White Bar

Blessings of the Temple 

 

Interview conducted by Scott Samuelson, English Department

  
Scott: Leon, we admire your murals in the Rexburg Temple, especially as they portray scenery of the region. Was painting the murals a spiritual experience for you?

Leon: Yes, I had some very special and tender moments. One of the primary purposes of all art is communication. That communication exists on three basic levels: mental, emotional, and spiritual, or in other words, head, heart, and soul.

Spiritual communication is by far the most difficult as it requires that the first two levels be well established, and then the Spirit must touch the soul of the viewer. Spiritual art requires painting with the assistance of the Spirit.  

Scott: Did you find yourself living at a higher spiritual plane because you knew you were trying to communicate spiritual truth in your art?

Leon: Yes, I made a commitment to attend the temple once each week, and I worked on improving my habits of studio cleanliness. Sometimes I would stop and take half a day just to clean up. (It’s a big place, and the murals are huge). I cleaned everything spic-and-span, swept up the dead flies, and even vacuumed all the little cracks in the cement. After I was finished, it always felt good again. I consciously tried to create an environment that would invite the Spirit to be present.

However, I also had to contend with the fallen nature of man —  the tendency of self-sufficiency. I have learned this lesson before, and, unfortunately, I had to learn it again. My own nature, perhaps the adversary, would periodically say to me, “You’re getting pretty good.” My heart would then invite pride. The next thing I knew, I was on my own. I would have to stop, ask for forgiveness, and then start over. Sometimes it seemed as if I was on my own for a week or more — it was awful.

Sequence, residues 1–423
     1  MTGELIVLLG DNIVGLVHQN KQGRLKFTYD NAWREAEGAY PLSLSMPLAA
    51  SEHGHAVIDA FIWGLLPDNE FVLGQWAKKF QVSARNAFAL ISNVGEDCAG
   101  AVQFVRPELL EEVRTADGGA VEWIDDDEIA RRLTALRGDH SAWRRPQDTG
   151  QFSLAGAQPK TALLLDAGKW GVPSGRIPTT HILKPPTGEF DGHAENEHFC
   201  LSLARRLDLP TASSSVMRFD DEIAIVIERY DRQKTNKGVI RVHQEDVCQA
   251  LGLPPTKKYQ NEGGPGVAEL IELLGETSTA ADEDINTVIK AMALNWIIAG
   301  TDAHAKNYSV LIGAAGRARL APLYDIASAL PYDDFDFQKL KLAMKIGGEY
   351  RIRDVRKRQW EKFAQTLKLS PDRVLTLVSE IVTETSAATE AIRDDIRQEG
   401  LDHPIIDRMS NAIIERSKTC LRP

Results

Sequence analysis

Scott: Did you feel called to do these paintings?


Leon: “Calling” isn’t the exact word I would use. It was deeper than that and much more personal. The announcement of the Rexburg Temple was made in December 2003. Just a few weeks later I was visiting with someone on the Temple Art Committee, and he said, “You know, you should send in a proposal to do the Rexburg murals.”


A few weeks after the announcement, my name was “on the list” to be invited when the time came for proposals. But a year went by, and I heard nothing. When spring came, I was informed that the Church needed a proposal by the end of summer. So in 2005, I started taking photos and preparing concepts. But I never heard back.

Then on Jan. 9, 2006, a call came from the designer for the Rexburg Temple. He asked if I would be interested in submitting a proposal and said I needed to do so by January 31 — just nineteen working days! There were also three other artists competing.

One of the interesting things is that with all of the preparation and photos I’d taken, I didn’t use any of them. My original idea had been a panorama as if you were sitting in the temple looking all around you. But then I started thinking, “That’s not the whole temple district. It goes all the way to the Montana border and clear to Jackson, Wyo.” The panorama became the whole Rexburg Temple district. So for people from all over the area, it will feel familiar. Part of the familiarity is the spirit of the temple, but part of it is because different sections of the murals are from areas throughout the entire temple district — in all four directions.

Scott: Was it hard to start? What did you learn artistically from doing this project?

Leon: I went into it feeling it could be done, but also knowing why. I felt buoyed up by the Spirit and recognized it. Acknowledging where the strength was coming from, I was able to start without the expected fear and trepidation that one would normally have.